REST Client Using Jersey

Creating REST Client

In the previous tutorial, we created a simple REST service that responds to a HTTP GET call. We saw it working by opening the page in a browser and seeing the correct results. In this tutorial, we will see how to create a REST client that consumes the simple service that we created.

Jersey comes with a package javax.ws.rs.client which helps you to write a REST client for your REST server. We are using Jersey 2.x in our tutorials so we should let you know that the implementation could be slightly different from what it could be if we use Jersey 1.x.

Create a new simple Java Project named JerseyHTTPClient. Add the jersey jars to the project via Project Properties -> Java Build Path. For the MyFirstService, we can create a simple client named MyFirstClient which is as follows:

Make sure, first to run the JerseyRestExample project created in the previous tutorial on the Apache Tomcat server before running the above code so that you don’t get HTTP 404 Not Found Error. Output for the above program is as follows:


Response code is : 200
Result is as follows:
MyFirstService says Hello.

Let us see what is happening in the code above.

First, we obtain a client instance from a static method of ClientBuilder. ClientBuilder is a JAX-RS API which allows you to create instances of javax.ws.rs.client.Client. ClientBuilder can be used for adding any SSL settings if a secure connection is supported. The ClientConfig used in the code can register multiple filters and then the client can be created out of it.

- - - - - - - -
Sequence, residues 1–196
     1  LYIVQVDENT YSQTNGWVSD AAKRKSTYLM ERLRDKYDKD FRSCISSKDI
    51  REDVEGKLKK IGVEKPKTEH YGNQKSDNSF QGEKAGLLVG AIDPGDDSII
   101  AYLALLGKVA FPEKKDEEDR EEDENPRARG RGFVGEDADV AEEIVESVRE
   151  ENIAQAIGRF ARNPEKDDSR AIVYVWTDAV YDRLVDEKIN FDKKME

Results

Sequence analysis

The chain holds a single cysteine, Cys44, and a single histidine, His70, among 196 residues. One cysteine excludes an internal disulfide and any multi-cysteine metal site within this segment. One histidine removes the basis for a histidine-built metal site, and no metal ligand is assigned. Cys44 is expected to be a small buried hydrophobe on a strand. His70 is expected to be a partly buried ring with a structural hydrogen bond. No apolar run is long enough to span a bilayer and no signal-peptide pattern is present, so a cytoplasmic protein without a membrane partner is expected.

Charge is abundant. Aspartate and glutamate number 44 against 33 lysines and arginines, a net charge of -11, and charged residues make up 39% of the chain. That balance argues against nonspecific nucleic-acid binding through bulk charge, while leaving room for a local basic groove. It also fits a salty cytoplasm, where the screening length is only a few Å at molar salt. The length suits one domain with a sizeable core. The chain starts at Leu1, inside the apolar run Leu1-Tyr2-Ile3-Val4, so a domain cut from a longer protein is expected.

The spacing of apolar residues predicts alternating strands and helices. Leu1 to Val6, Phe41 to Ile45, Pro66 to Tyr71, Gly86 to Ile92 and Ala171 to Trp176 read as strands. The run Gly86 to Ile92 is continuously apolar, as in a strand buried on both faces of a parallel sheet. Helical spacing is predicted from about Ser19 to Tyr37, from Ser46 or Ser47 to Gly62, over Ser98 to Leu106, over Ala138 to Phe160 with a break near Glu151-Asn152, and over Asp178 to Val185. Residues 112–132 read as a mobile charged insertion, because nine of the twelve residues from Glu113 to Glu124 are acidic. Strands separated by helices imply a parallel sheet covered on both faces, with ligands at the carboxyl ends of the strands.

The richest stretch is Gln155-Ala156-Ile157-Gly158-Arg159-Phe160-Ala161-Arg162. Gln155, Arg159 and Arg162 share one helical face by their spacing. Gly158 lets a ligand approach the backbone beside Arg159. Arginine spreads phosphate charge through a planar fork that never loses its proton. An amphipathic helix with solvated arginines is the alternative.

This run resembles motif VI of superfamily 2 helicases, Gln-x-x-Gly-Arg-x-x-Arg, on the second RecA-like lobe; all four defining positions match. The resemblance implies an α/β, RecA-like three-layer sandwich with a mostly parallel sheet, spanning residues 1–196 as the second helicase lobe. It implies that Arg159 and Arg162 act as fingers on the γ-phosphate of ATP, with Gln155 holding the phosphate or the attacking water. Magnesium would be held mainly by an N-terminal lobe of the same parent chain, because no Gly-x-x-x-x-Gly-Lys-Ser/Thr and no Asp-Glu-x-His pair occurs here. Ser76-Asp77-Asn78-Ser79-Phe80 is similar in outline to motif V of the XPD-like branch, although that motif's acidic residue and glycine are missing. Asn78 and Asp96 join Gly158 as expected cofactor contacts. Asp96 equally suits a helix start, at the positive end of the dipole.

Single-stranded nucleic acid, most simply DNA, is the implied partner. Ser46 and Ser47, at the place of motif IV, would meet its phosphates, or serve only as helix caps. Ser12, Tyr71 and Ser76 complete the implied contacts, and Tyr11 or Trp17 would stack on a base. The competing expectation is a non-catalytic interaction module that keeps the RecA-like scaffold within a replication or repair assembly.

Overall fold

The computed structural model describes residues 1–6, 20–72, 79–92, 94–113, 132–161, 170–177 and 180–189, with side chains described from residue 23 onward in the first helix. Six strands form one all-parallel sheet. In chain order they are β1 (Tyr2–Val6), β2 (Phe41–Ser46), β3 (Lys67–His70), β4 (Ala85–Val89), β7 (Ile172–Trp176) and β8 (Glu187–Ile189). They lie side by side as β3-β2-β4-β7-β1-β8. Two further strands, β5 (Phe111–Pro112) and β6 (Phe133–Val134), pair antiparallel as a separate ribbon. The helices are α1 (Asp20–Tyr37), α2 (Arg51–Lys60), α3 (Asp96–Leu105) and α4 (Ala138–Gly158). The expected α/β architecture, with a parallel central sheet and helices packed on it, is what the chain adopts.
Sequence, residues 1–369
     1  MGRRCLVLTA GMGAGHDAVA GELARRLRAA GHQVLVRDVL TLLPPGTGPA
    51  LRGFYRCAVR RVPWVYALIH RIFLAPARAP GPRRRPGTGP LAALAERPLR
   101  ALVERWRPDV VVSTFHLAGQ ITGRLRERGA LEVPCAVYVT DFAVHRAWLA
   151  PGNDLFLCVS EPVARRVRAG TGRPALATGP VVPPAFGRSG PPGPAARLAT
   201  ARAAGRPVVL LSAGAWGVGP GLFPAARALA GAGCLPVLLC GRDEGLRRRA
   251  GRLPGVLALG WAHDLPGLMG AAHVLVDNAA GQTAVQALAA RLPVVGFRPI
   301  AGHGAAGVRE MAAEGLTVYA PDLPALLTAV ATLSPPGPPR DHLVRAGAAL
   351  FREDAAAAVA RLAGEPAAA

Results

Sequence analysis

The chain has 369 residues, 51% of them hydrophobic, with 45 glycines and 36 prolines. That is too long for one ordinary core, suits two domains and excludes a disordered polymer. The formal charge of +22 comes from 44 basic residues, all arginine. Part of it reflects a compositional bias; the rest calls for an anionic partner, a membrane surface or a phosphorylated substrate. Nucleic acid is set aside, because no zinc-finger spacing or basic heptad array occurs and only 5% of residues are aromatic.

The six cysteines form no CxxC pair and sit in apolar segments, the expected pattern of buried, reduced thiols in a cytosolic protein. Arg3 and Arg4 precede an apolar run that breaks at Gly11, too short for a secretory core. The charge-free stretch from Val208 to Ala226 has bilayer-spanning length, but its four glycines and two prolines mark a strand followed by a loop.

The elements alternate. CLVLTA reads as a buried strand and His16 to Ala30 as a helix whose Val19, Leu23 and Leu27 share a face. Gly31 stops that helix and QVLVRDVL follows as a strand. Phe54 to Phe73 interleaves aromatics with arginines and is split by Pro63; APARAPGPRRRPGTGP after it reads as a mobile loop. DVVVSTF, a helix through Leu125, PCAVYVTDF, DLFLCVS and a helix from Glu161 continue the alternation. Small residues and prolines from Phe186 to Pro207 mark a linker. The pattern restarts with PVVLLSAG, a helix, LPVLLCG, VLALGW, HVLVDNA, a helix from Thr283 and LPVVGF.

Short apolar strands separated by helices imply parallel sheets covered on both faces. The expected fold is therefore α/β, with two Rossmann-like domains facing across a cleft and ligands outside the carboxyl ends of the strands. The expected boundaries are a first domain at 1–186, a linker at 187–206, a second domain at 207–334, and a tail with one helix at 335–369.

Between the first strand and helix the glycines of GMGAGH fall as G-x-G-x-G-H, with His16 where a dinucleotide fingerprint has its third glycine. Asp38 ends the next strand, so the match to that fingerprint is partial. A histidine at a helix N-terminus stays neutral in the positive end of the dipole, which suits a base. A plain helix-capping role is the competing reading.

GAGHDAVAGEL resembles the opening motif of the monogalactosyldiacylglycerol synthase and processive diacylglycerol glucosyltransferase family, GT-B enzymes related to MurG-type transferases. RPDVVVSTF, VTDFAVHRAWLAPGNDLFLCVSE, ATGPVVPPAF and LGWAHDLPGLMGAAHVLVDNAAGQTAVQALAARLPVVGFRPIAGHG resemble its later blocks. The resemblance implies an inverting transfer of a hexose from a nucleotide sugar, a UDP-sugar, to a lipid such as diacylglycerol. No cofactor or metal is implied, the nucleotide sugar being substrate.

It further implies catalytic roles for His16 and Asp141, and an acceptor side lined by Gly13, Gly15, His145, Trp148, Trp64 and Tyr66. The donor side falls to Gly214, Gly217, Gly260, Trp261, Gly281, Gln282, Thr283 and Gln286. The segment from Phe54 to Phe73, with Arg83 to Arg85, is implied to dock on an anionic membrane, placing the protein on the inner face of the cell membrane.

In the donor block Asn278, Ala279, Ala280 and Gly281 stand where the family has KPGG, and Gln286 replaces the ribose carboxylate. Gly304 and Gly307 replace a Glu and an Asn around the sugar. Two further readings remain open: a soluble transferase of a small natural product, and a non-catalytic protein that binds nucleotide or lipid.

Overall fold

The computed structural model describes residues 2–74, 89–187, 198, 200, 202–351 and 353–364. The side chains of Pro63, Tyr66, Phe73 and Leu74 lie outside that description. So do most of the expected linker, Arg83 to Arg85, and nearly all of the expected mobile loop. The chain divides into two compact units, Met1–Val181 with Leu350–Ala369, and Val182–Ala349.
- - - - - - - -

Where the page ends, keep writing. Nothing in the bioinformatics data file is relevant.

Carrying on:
After successfully creating the client, we create a WebTarget that targets the destined URL. Once we get the target for base URL, subsequent REST APIs can be called using target.path(subpath) call.

From this web target, we get an invocation builder. Required HTTP requests like get, put, post, delete, accept, etc. can be invoked via the invocation builder. If the GET request that is shown in code executes properly, we will get a response code of 200 OK. So, our code checks for the HTTP status code and proceeds to print the response content if the HTTP request was processed successfully.

Supporting Multiple MediaType Formats For The Same REST Service

In the introductory tutorial, we saw that Content negotiation could be done by REST client if the REST service supports multiple formats. We will now see how this can be done.

We need to change the implementation of MyFirstService that we created earlier to support multiple MediaTypes. In the following example, we are going to support HTML, XML and JSON formats in addition to PLAIN-TEXT that we supported in the previous tutorial.

Content Negotiation Of REST Client With Server

Now we have modified our MyFirstService REST Service to give the output in multiple formats. The output will be given according to what is specified by Client in the Accept header of the HTTP request. The following modifications to our initial REST Client created at the start of the tutorial will help us achieve this.

Sample input output for the above client program is as follows:

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